Airey Neave DSO OBE MC MP was Member of Parliament for Abingdon from 1953 until his death at the hands of terrorists in March 1979. He was principal Opposition spokesman on Northern Ireland and one of Margaret Thatcher's closest advisers following her election as leader of the Conservative Party in 1975.
Airey Neave's career reached two quite different peaks: first as a young soldier and second as a distinguished barrister and politician. As a soldier, he was the first officer to make the 'home run' from Colditz, and the intelligence from this experience brought about his appointment to MI9, where he was code-named 'Saturday'. His book Saturday at MI9 deservedly repeated the publishing success of his story of the Colditz escape, They Have Their Exits. Using the same resourcefulness and patience which he later applied in campaigning for Margaret Thatcher's victory, he planned escapes through occupied Europe and for the remnants of the Airborne Division trapped at Arnhem.
When the War ended, he became assistant secretary of the International Military Tribunal in Nuremberg, and had the task of serving indictments on the Nazi war leaders who had survived Hitler. Another book, Nuremberg, dealt with the part he played there.
After the War he turned to politics and, with Harwell in his constituency, he specialised in science and technology. He chaired the All-Party Select Committee on Science and Technology in the House of Commons, and the series of reports that were produced at that time were dominated by his speciality in that field - an ability to balance the need for scientific advance with concern for its effects. From 1963-71 he was a governor of Imperial College, London.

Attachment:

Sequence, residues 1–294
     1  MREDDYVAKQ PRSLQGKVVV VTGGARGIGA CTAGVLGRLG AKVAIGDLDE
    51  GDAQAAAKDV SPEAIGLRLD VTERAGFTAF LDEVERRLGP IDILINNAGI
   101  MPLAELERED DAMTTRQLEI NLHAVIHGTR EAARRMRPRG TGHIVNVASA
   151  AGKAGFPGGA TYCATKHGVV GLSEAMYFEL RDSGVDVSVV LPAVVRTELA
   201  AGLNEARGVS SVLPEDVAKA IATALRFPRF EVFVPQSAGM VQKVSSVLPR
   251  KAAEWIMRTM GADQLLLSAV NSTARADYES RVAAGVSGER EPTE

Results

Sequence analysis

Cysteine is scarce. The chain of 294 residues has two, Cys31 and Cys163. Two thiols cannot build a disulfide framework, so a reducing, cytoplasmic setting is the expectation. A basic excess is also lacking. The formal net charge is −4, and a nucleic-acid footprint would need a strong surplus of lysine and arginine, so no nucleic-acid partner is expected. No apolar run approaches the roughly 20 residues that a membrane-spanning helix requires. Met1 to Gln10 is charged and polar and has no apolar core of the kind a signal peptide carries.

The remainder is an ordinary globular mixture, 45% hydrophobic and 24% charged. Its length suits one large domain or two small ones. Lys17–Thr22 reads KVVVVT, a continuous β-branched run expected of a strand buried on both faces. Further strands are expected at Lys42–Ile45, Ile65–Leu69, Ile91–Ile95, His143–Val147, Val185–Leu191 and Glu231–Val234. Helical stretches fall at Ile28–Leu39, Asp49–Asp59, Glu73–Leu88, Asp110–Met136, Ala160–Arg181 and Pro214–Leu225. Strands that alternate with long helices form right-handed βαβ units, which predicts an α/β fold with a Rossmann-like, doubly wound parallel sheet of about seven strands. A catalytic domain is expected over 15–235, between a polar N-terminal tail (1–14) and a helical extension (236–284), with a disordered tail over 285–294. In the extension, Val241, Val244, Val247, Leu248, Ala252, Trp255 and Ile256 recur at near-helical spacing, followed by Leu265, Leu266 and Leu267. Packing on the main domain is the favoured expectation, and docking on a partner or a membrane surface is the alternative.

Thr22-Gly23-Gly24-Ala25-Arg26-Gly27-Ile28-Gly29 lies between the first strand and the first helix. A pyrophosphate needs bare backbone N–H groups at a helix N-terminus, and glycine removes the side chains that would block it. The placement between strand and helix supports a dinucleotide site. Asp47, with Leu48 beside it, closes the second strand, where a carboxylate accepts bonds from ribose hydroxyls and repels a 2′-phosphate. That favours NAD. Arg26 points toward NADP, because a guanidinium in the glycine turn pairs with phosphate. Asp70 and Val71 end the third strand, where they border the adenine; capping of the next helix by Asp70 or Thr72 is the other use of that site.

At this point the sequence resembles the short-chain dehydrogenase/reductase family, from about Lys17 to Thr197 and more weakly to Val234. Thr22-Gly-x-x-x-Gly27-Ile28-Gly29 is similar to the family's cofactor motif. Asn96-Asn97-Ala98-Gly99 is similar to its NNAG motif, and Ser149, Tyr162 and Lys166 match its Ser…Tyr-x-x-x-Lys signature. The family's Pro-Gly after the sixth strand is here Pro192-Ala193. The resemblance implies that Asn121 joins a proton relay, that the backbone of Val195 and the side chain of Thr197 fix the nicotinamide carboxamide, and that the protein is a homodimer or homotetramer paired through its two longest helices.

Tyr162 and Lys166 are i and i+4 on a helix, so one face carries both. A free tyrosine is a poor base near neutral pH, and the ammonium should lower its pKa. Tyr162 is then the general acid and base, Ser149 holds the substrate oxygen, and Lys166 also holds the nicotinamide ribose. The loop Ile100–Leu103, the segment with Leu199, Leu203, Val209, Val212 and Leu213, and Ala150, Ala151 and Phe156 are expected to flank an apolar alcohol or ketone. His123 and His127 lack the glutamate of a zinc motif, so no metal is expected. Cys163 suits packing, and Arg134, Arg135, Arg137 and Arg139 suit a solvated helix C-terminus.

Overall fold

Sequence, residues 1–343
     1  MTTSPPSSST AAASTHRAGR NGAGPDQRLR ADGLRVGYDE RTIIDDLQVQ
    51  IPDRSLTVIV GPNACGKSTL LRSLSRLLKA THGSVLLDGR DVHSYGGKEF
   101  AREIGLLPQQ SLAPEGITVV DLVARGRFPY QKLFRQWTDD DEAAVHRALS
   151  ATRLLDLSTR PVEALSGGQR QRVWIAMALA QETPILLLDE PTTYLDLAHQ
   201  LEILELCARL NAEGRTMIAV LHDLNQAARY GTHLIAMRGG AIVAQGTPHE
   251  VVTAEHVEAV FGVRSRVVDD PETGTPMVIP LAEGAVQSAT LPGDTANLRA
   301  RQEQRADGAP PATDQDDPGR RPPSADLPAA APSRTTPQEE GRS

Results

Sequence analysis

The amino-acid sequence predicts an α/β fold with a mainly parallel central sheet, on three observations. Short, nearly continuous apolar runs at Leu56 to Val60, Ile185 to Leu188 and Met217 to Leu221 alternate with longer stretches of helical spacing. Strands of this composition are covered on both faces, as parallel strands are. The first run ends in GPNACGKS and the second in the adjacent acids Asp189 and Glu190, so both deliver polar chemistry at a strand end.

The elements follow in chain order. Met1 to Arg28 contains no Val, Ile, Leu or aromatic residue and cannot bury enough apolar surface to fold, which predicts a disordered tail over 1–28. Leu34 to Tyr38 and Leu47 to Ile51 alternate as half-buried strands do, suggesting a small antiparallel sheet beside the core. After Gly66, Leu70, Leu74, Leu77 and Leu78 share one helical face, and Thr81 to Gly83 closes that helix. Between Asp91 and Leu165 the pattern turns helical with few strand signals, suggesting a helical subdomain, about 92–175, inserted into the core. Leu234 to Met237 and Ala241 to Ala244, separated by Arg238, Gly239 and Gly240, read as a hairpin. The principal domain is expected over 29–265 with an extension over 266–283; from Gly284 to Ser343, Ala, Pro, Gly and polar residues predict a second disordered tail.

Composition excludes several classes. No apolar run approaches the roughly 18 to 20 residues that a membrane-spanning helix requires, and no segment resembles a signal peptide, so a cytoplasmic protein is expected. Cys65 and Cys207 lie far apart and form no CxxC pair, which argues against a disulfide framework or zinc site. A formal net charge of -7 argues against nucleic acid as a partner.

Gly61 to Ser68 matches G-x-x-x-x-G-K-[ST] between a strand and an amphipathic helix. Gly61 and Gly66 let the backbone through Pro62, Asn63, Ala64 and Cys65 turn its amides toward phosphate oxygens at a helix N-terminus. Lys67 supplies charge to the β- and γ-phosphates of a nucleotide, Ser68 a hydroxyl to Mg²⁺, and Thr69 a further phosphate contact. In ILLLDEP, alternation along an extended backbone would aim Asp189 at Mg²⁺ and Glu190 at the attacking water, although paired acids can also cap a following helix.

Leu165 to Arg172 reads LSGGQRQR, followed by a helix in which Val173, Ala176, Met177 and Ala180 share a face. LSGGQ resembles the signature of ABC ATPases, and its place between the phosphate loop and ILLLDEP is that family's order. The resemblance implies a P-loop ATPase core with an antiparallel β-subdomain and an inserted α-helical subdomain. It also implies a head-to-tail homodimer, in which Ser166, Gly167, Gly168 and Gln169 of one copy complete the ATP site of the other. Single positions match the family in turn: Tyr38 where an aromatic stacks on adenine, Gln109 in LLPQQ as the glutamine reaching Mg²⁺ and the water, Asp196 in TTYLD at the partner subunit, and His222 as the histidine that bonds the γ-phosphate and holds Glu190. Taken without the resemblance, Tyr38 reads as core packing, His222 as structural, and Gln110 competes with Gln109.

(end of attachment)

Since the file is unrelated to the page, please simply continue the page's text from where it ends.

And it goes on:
His reputation in Parliament was one of pitting himself single-handedly against apparently hopeless odds. He did not wait for the support of others before he took up a cause that he knew to be right and just. One such cause was to bring belated justice to the special prisoners of the Sachsenhausen camp, whose claim for compensation has been bureaucratically denied. There were many other causes for which he fought and won.
In the many tributes to his memory, following his assassination in 1979, the recurring theme was of his quiet and relentless courage and his determined and uncompromising opposition to terroris